Assignment Activity 9: Starting from the top? What are the powers and limits of the Crown and Prime Minister?
The Crown is the legal embodiment of the executive branch of government in Canada. The Prime Minister is the head of government and the leader of the governing party. The powers and limits of the Crown and Prime Minister are set out in the Constitution. The Crown has the power to appoint and dismiss ministers, dissolve Parliament, sign treaties, and declare war. The Prime Minister has the power to request that the Governor-General dissolve Parliament, call elections, and form a government. The limits on the powers of the Crown and Prime Minister are designed to protect democracy and ensure that there is a balance of power between the executive and legislative branches of government. Ultimately, the powers and limits of the Crown and Prime Minister are designed to ensure that the government is accountable to Parliament and the people.
Assignment Activity 10: The House of Commons: How much power do elected MPs have in practice?
Members of Parliament (MPs) are elected representatives who sit in the House of Commons. MPs have a number of important roles, including introducing and debating legislation, representing the interests of their constituents, and serving on committees. In practice, MPs have a significant amount of power. They can influence the outcome of legislation by voting for or against it. They can also pressure the government to take action on issues that are important to their constituents. Additionally, MPs can use their positions on committees to investigate the government and hold it accountable. Ultimately, MPs have a significant amount of power in practice, and they play an important role in ensuring that the government is accountable to Parliament and the people.
Assignment Activity 11: The Senate: Undemocratic and anachronistic? Or valuable House of Sober Second Thought?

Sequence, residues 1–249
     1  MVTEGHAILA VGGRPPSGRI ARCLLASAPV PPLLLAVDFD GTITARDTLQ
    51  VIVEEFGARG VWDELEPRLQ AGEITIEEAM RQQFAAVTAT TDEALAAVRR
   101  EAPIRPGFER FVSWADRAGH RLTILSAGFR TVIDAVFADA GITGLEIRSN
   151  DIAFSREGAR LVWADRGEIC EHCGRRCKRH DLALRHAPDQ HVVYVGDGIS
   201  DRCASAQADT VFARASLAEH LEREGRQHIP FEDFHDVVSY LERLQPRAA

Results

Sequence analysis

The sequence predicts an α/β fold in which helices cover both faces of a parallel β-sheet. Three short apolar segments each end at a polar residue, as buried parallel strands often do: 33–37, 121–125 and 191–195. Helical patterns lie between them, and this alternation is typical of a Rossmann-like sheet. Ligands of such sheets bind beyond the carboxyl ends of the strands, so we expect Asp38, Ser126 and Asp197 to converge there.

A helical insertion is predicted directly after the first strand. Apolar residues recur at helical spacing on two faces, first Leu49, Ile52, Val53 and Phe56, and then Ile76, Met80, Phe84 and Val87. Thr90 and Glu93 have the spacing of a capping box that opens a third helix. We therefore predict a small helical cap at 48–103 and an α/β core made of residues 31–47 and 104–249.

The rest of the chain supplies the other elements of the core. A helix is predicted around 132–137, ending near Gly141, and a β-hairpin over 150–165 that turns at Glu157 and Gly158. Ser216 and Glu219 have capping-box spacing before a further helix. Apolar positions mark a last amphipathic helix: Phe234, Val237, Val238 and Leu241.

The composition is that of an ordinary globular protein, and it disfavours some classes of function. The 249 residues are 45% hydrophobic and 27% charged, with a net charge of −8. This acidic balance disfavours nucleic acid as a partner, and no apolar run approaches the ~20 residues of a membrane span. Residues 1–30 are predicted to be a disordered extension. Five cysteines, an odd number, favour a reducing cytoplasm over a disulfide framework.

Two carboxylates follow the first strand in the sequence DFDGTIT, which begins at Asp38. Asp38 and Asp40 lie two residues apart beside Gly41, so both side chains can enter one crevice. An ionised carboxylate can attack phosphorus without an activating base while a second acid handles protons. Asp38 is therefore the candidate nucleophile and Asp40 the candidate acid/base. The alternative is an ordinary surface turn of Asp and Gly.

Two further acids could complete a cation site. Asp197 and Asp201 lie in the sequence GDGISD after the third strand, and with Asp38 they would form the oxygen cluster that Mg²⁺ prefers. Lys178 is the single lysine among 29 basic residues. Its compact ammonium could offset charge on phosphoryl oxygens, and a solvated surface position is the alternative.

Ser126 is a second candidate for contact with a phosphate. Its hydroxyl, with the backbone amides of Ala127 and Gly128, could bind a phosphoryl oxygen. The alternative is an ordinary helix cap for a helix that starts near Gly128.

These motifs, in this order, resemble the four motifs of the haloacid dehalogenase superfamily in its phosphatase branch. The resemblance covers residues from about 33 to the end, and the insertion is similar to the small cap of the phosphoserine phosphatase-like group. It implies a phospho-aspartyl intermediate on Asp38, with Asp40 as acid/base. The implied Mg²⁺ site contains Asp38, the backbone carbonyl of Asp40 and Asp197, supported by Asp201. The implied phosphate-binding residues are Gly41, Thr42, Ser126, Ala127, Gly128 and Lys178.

The Senate is the upper house of Parliament. Senators are appointed by the Governor-General on the advice of the Prime Minister. The Senate has a number of important roles, including reviewing and amending legislation, representing regional interests, and providing a check on the government. While the Senate is an important part of Parliament, it has been criticized for being undemocratic and anachronistic. Critics argue that the Senate is not representative of the Canadian people and that it gives too much power to unelected officials. Additionally, critics argue that the Senate is not effective in carrying out its roles. However, supporters of the Senate argue that it plays an important role in ensuring that legislation is thoroughly reviewed and that the interests of all regions are represented. Ultimately, the Senate is a controversial institution, and there is no consensus on whether or not it is beneficial to Canadian democracy.
Assignment Activity 12: The Bureaucracy: Turning political decisions into political action.
The bureaucracy is the administrative arm of the government. It is responsible for implementing the decisions of the political branches of government. The bureaucracy is made up of a large number of officials who work in various departments and agencies. The bureaucracy has a great deal of power and influence, and it plays a critical role in ensuring that the government is effective. The bureaucracy is often criticized for being too large and wasteful, but it plays an important role in ensuring that the government is able to function.
Assignment Activity 13: The Constitution and the Courts: The idiosyncrasies of the Canadian Charter of Rights and Freedoms.
The Constitution is the supreme law of Canada. It outlines the structure and powers of the Canadian government, and it protects the rights and freedoms of Canadians. The Constitution is a living document that has been amended many times over the course of Canada’s history. The Canadian Charter of Rights and Freedoms is a part of the Constitution that protects the rights and freedoms of Canadians. The Charter is an important part of the Constitution, but it has been criticized for being too rigid and for not protecting all rights equally. The courts play an important role in interpreting and applying the Constitution. They have the power to strike down laws that are contrary to the Constitution. The courts play a vital role in ensuring that the government is constitutional, and they play an important role in protecting the rights and freedoms of Canadians.